Through clever use of Magic Eggs, you can even upgrade your spells. Each egg is divided into Bronze, Silver, and Gold variations, and “leveling” up your spells accordingly will provide stronger spells. (In other words, a weak little Fire can turn into a big, homing Firaga). Truth be told, this isn’t always a guaranteed process – sometimes you’ll just obtain a new, individual spell, so your magic-use comes down to your best judgment. (Putting it this way: sure, you can level up your handy Bahamut transformation spell to rampage through the opposition, but seeing as you’re likely already in last place, wouldn’t you want to use that right away?)
Chocobo GP also takes a page from Mario Kart 8 Deluxe in its use of Magicite Shards. For those not familiar, in Mario Kart 8 Deluxe you collect coins on the tracks to increase your max speed. Chocobo GP’s handy shards operate in the same way, but there’s another important reason to hoard ‘em: they’ll fill up a gauge that lends special abilities that, when utilized properly, can swiftly turn the tide. These brief power-ups go a long way in differentiating each racer with a touch of personality. For example, Chocobo’s ability is initiating a skate-fueled speed rush, whereas Ben the Behemoth’s has him lifting his vehicle above his scaly shoulders to stampede across the track with reckless abandon.
While there’s a number of scenic original tracks as well as familiar locations in Gold Saucer, Zozo and Alexandria, Chocobo GP doesn’t number too high in total courses, instead “dividing” each individual track into Short, Long, Technical, and Hyperspeed versions. Some may walk away longing for a meatier selection of original tracks, but you may find these different versions more palatable to your tastes. Let’s be clear: these racetracks won’t blow you away as per the wild imagination of Mario Kart 8 or Sonic and Sega All-Stars Racing Transformed, but they still take the right lessons in course design: telegraphed obstacles, clever shortcuts, and tight corners prime for drifting.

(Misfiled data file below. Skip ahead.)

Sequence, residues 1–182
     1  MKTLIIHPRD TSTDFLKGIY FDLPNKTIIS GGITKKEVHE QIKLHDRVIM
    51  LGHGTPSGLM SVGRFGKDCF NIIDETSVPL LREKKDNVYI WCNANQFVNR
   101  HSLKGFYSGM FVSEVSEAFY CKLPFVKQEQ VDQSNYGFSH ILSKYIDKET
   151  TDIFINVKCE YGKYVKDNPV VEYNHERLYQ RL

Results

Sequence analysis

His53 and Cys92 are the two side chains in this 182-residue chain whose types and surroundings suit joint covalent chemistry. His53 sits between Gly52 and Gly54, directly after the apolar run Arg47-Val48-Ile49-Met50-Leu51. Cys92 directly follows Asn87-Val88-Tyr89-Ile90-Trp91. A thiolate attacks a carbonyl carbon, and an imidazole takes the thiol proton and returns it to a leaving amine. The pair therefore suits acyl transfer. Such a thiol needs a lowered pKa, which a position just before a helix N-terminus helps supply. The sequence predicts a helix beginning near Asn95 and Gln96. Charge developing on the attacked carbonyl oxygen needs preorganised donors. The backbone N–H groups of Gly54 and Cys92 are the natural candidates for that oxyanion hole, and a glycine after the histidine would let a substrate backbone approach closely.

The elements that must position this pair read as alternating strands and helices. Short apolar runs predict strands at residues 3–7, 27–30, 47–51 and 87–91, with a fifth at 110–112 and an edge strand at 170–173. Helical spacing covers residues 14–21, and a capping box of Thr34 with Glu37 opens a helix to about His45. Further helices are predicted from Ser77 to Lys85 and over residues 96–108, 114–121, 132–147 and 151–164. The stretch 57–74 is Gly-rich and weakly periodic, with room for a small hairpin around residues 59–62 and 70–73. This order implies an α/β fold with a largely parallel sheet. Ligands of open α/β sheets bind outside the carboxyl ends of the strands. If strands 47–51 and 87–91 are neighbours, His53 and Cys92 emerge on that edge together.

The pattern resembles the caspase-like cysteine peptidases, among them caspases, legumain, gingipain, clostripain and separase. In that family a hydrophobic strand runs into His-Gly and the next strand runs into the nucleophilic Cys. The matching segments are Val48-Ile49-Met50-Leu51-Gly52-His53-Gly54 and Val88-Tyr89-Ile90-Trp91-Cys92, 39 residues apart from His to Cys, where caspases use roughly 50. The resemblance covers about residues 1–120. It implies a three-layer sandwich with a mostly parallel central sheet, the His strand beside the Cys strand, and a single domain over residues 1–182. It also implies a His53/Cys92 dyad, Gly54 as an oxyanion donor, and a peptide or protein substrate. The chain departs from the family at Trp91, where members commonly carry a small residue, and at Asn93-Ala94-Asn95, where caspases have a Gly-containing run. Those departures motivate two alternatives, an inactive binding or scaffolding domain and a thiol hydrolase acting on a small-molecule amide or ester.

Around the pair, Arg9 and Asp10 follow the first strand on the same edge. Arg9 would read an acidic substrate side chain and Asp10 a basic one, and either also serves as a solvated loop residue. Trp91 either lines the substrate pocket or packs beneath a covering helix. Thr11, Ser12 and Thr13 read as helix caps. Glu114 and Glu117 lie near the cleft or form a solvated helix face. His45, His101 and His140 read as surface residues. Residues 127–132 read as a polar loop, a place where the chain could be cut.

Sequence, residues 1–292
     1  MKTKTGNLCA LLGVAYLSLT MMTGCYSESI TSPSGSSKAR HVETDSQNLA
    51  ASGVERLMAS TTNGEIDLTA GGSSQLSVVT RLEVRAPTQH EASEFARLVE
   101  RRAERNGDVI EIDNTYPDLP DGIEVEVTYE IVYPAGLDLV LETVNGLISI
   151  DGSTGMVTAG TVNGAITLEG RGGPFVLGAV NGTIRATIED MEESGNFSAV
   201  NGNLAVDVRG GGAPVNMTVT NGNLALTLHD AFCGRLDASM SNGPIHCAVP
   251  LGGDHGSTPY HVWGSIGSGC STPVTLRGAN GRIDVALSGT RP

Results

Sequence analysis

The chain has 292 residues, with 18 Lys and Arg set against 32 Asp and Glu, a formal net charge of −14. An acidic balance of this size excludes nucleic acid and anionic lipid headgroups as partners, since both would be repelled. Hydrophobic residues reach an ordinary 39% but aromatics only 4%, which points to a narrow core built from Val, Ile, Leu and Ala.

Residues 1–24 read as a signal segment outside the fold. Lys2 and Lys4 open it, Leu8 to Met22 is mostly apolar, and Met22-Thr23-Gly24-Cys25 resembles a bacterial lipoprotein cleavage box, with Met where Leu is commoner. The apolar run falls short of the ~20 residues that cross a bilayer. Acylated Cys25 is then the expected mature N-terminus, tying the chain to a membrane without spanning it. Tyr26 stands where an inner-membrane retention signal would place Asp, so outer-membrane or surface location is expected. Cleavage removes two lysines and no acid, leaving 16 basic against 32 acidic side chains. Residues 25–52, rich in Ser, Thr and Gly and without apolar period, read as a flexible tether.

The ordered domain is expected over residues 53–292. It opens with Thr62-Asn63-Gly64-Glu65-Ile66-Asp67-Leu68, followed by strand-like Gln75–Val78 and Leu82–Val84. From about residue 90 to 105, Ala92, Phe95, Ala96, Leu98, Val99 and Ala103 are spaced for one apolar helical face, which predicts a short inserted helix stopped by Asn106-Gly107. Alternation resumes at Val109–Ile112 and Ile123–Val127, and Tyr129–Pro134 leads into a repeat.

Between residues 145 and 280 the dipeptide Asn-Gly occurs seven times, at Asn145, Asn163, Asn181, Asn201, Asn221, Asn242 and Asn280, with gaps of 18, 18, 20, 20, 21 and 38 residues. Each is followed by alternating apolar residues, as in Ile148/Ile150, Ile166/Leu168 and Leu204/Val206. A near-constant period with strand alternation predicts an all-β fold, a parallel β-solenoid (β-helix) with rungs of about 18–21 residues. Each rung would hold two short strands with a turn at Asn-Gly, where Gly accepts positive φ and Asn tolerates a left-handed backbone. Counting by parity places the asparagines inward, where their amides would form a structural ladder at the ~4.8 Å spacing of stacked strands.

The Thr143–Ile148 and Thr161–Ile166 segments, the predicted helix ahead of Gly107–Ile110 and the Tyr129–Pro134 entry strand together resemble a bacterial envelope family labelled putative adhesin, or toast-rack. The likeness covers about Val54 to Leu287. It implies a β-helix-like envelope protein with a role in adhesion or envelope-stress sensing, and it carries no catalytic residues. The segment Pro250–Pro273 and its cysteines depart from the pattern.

Topped off with a buttery-smooth 60 FPS, Chocobo GP operates with every last facet of a successful kart racer. That vindicating thrill when you successfully execute a perfect drift, speeding ahead of the competition? That’s in there. That caution you gradually glean from pulling off speed-boosting ramp tricks, lest you accidentally crash into a wall? You’ll be heeding that. Not every element holds up to scrutiny – recovery cooldowns from projectiles last too long, I’ve found – but* Chocobo GP is a racer that ultimately respects the player’s skill as much as our knowledge on all things Final Fantasy. (Prick your ears just right on a certain track, and you just might hear the Chocobo Theme interwoven with Final Fantasy V*’s Battle on the Big Bridge.)
Skill that, alas, I was unable to test in its titular Chocobo GP mode – an online survival tournament featuring up to 64 opponents. Unlike other lucky members of the press, I was unable to find a match during this pre-launch period, but with how much of Chocobo GP’s feedback loop apparently hinges upon online play, we ask that you watch this space.